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Goth Fairy
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20 Nov 2017, 2:20 am

I describe it as trying to read from a blank sheet of paper- there just aren't the words there. Other times it's like trying to read from a wordsearch puzzle- I know the words are there but they are mixed up with too many thoughts and I pick out the right ones.

I sometimes notice it happens when I am feeling stressed or overwhelmed. Or trying to tell someone about a specific problem I have. But I don't get that so often these days. I also notice it in social situations, but that's not so much a stress thing, I think- so I'm not sure if that counts as non-verbal or just communication difficulties, I don't know what to say or can't get a word in between other people speaking. I remember going out with 2 female friends once and they just kept talking and I got more and more upset because I felt like they weren't letting me speak and then I just felt like I couldn't say anything at all. So I think that one started as communication difficulties, but ended up non-verbal because of feeling overwhelmed.


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SabbraCadabra
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20 Nov 2017, 6:05 am

dragonsanddemons wrote:
After poking around online, I've realized that I quite possibly have selective mutism.

I told you that ;)

I don't really have any tips for you though, aside from what you're already doing. It's very rare that I go completely mute, so when I do, I just try to work my way through it, and maybe write things down for people if I really need to. I try to avoid stress as much as I possibly can, because it triggers so many symptoms, not just with ASD but also my Sjogren's Syndrome. Transcendental meditation helps reduce stress. I try to wear ear muffs or plugs for loud activities (like vacuuming or lawnmowing). I try not to let petty things bother me (which I know is pretty difficult).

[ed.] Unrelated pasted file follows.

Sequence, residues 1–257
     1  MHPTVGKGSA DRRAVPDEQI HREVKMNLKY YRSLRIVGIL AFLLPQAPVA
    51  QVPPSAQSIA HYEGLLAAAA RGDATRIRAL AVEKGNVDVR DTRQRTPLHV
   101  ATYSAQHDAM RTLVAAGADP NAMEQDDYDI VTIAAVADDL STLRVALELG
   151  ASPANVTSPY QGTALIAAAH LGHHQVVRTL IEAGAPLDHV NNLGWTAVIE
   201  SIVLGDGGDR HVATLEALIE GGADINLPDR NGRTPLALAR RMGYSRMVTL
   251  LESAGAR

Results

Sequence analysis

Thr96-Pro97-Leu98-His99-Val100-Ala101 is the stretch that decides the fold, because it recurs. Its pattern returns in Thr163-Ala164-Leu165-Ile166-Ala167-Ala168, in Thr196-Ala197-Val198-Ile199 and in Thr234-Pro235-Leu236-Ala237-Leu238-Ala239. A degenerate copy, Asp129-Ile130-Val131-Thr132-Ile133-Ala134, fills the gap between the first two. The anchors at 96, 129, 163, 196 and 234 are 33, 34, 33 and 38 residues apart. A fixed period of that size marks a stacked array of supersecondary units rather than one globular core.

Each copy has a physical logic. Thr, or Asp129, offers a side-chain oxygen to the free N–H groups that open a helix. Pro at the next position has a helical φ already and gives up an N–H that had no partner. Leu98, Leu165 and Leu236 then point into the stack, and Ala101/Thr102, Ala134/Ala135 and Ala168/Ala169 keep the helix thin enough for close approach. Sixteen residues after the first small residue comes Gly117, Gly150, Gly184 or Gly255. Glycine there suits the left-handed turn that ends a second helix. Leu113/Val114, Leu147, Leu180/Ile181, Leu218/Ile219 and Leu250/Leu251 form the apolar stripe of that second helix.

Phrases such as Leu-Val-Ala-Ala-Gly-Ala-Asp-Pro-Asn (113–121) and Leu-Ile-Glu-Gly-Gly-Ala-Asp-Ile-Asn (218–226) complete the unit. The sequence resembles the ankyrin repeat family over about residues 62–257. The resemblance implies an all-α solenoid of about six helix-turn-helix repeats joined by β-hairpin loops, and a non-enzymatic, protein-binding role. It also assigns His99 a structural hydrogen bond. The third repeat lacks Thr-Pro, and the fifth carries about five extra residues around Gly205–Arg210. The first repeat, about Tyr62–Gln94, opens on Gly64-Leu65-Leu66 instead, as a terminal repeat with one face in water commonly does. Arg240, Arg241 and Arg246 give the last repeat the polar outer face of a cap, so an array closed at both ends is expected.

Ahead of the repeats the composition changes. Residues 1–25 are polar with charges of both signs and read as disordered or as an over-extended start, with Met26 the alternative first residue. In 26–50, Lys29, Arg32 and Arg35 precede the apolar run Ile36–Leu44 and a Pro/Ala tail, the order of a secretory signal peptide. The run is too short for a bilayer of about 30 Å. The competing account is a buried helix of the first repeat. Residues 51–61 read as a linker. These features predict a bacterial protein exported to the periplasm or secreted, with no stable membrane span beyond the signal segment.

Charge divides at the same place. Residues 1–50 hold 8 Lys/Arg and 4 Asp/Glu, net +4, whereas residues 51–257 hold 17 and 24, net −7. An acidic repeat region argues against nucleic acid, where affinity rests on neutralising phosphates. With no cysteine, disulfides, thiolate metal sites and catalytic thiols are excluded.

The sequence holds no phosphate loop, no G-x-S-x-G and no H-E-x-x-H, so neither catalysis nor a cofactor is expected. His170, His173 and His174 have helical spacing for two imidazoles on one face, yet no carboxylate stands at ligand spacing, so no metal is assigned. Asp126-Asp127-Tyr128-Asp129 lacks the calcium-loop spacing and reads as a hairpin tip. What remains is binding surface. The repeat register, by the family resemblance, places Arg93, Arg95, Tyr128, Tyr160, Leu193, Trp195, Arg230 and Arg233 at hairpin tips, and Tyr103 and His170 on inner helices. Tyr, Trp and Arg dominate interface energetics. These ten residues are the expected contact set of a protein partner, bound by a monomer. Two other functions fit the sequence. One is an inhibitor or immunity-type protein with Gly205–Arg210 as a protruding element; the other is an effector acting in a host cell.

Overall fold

I'm sorry your parents don't understand you. I know my mom didn't believe I had ASD at first, until she read an article about it in a magazine somewhere. She's been a lot nicer to me since then.

elbowgrease wrote:
Sometimes being pressed in a conversation or an argument that I'm having a hard time handling really brings out the same thing in me. A massive adrenaline wave and something like blood lust.

Sounds like it could be the "fight or flight response"?
https://en.wikipedia.org/wiki/Fight-or-flight_response

I can't remember the details, it's been so long, but I remember something about this response being triggered more easily in people on the spectrum. I know it's gotten me into some pretty rough situations =/ Especially one where I was driving and had nowhere to run.


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dragonsanddemons
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24 Nov 2017, 5:26 pm

I just showed the thing I found to my parents, and both just went "uh-huh." My mom also suggested I mention it to my psychiatrist the next time I'm in. At least I didn't get any reactions like seeing the title and refusing to read it, saying "Oh, come on, you don't have selective mutism," which I was afraid of especially from my dad. That's a start, at least.